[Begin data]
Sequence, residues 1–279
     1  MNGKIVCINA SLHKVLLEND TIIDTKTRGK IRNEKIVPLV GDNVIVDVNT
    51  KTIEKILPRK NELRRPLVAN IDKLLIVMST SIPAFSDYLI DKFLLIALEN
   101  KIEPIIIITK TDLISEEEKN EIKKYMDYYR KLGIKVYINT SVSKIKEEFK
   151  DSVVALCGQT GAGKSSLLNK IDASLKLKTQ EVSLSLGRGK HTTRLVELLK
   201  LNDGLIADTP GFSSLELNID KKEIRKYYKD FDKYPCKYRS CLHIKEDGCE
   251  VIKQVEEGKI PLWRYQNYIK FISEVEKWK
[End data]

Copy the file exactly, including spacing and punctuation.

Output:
Sequence, residues 1–279
     1  MNGKIVCINA SLHKVLLEND TIIDTKTRGK IRNEKIVPLV GDNVIVDVNT
    51  KTIEKILPRK NELRRPLVAN IDKLLIVMST SIPAFSDYLI DKFLLIALEN
   101  KIEPIIIITK TDLISEEEKN EIKKYMDYYR KLGIKVYINT SVSKIKEEFK
   151  DSVVALCGQT GAGKSSLLNK IDASLKLKTQ EVSLSLGRGK HTTRLVELLK
   201  LNDGLIADTP GFSSLELNID KKEIRKYYKD FDKYPCKYRS CLHIKEDGCE
   251  VIKQVEEGKI PLWRYQNYIK FISEVEKWK